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Home / Technical Articles / The most common issues I experienced in wiring of a medium voltage switchgear

Wiring tips, mistakes & advice

Nowadays, the design and manufacturing of a Medium Voltage switchgear is not an easy task. Many factors could affect the generation of an optimal set of engineering drawings to be easily followed by the wiring people in the shop. One of the most impacting factors is a correct wiring diagram that follows the control logic required by the customer, but also that is clean for reading and smart for the optimization of resources in the wiring shop.

The most common issues I experienced in wiring of a medium voltage switchgear
The most common issues I experienced in wiring of a medium voltage switchgear (photo credit: ABB)

It’s easy to overlook some details while designing a switchgear control panel, however the details are usually the key for a successful project, in terms of cost and timing.

The following topics will show some common issues (and some others not too common) found during the design phase of a wiring diagram, and some advice to avoid them and allow the manufacturing process to run smoother.

Table of contents:

  1. Common wiring mistakes:
    1. Incompatibility between selected control devices, lugs and cable
    2. Incorrect calculation, selection and location of ground conductor
    3. Incorrect connection of CTs wiring leading to false current measurements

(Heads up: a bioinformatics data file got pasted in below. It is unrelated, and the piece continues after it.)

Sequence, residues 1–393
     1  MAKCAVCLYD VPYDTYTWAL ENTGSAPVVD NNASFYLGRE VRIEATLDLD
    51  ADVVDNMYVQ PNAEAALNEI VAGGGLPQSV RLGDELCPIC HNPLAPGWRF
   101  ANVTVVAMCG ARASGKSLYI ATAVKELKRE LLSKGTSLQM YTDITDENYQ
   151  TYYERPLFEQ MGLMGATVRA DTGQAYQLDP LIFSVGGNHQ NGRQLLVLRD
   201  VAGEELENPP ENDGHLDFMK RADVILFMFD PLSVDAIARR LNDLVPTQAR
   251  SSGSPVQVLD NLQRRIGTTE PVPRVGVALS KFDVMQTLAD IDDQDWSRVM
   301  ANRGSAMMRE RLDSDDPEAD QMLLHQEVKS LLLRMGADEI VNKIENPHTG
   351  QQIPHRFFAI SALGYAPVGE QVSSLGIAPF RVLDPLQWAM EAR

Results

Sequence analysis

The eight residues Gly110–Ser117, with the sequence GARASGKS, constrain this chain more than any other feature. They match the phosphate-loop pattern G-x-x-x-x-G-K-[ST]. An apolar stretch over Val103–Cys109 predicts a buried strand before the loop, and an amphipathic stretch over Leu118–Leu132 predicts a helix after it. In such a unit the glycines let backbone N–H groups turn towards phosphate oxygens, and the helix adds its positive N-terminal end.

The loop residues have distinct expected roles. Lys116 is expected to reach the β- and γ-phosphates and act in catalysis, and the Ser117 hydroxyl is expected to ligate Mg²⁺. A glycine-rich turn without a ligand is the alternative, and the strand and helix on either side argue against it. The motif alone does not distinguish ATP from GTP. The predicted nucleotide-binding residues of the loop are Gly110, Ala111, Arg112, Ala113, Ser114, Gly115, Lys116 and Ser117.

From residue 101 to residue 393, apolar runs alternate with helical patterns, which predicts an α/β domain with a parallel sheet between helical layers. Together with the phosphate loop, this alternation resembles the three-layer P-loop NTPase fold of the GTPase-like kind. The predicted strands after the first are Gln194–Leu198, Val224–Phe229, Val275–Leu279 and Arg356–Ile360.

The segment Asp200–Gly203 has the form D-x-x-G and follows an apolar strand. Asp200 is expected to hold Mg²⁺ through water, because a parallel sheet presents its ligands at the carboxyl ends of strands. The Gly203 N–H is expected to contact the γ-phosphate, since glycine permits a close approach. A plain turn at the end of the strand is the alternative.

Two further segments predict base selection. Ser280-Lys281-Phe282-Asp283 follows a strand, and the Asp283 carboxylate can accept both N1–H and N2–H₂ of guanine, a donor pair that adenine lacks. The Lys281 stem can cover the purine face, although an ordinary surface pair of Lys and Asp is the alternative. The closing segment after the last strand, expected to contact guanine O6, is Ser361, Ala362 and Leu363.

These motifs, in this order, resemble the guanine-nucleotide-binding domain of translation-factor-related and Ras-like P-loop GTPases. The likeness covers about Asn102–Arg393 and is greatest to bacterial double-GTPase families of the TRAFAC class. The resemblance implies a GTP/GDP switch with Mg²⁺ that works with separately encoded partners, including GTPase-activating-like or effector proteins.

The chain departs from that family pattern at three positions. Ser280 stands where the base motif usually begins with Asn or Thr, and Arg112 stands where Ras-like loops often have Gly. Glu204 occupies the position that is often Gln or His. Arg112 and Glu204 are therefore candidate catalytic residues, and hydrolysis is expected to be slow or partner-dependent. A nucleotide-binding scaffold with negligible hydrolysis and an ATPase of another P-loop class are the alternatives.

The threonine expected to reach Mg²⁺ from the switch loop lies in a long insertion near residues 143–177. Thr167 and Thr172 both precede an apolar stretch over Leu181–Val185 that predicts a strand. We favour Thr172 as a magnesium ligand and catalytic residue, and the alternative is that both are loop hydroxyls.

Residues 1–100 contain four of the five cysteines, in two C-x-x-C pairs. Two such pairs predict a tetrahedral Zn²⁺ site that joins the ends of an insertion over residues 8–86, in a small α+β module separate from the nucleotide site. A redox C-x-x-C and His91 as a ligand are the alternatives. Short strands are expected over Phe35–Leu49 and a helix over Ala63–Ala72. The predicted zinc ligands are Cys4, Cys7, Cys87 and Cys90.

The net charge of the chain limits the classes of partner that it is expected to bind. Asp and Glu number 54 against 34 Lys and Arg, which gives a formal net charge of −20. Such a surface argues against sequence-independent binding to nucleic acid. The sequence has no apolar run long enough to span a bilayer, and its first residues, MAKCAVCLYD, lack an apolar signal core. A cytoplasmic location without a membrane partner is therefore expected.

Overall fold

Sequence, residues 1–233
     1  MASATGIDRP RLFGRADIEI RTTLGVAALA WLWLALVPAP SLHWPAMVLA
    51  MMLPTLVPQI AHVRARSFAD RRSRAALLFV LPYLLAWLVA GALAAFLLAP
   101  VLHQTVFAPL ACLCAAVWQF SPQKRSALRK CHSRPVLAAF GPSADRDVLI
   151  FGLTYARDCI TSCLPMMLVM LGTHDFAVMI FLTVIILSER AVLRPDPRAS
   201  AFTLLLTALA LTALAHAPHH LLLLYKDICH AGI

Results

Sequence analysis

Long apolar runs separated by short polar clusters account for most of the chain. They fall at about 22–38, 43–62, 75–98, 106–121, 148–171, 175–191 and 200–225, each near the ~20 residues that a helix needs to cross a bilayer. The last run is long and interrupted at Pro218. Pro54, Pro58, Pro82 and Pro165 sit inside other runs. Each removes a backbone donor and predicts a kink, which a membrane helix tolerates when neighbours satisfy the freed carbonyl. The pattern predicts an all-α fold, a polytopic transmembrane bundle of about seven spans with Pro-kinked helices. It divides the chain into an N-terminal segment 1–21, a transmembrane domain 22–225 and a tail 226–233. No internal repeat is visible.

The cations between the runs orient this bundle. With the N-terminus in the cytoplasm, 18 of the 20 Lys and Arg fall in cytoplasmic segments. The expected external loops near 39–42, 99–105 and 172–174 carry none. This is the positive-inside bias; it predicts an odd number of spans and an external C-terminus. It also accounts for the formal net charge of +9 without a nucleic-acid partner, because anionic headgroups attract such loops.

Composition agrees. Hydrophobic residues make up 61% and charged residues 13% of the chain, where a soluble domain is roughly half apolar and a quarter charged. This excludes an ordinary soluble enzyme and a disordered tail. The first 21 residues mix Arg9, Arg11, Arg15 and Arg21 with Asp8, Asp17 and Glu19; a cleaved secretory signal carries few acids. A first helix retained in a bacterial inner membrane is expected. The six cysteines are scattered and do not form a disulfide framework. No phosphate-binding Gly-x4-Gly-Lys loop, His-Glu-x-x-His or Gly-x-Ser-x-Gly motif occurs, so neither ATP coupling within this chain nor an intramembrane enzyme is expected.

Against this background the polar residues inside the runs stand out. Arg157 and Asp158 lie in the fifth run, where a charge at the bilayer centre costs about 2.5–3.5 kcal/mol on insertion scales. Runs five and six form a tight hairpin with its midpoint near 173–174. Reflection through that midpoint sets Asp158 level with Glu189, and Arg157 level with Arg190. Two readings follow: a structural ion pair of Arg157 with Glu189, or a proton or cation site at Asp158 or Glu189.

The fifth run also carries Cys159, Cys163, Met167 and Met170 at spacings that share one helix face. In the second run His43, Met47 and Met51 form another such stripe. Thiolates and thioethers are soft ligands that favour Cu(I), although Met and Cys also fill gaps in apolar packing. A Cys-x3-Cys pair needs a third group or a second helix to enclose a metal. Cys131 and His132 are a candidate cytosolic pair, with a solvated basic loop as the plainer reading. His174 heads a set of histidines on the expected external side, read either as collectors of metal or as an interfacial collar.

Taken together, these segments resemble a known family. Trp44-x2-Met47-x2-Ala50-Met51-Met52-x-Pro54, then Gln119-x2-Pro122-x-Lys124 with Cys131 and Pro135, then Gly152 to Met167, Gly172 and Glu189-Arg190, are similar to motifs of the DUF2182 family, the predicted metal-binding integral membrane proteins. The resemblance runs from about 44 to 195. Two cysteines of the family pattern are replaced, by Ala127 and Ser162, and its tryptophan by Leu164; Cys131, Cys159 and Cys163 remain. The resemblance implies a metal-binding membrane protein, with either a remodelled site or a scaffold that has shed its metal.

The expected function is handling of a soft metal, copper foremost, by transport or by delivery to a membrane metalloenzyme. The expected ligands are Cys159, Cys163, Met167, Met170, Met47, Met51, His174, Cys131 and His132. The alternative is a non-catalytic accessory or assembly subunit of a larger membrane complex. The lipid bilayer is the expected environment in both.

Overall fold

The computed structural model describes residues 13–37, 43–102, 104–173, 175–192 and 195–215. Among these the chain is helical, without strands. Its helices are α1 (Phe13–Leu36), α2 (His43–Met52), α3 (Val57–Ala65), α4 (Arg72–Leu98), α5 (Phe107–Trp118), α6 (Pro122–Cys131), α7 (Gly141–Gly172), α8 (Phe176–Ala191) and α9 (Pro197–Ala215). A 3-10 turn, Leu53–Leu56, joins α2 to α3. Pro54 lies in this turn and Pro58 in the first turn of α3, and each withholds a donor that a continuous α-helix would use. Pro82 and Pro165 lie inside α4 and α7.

4. Shorting terminal blocks for current transformer circuits
    5. Incorrect use of wet and dry contacts
  2. Wiring tips and useful advices:
    1. Optimization of wiring routes
    2. Wires labeling
    3. How to quickly identify errors in wiring
  3. Conclusions

1. Common wiring mistakes:

1.1 Incompatibility between selected control devices, lugs and cable

Once the designer has sent the wiring drawings to the shop where the panel will be assembled and devices connected, one of the most recurrent problems seen at this stage is the physical incompatibility of the different control devices, satellite subcomponents, converters, the wiring lugs, the terminal blocks and finally the cable itself.

This kind of issues are commonly seen in the shop when the designers and wiremen are used to work with some specific brand equipment or only one related standard equipment (IEEE, IEC, etc), just to mention some examples.

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Ivan Contreras

Mechatronics engineer specialized in power systems, graduated from ITESM. Passionate and expert about MV/HV switching equipment, protection devices and Product Management of entire lifecycle of electrical power products.

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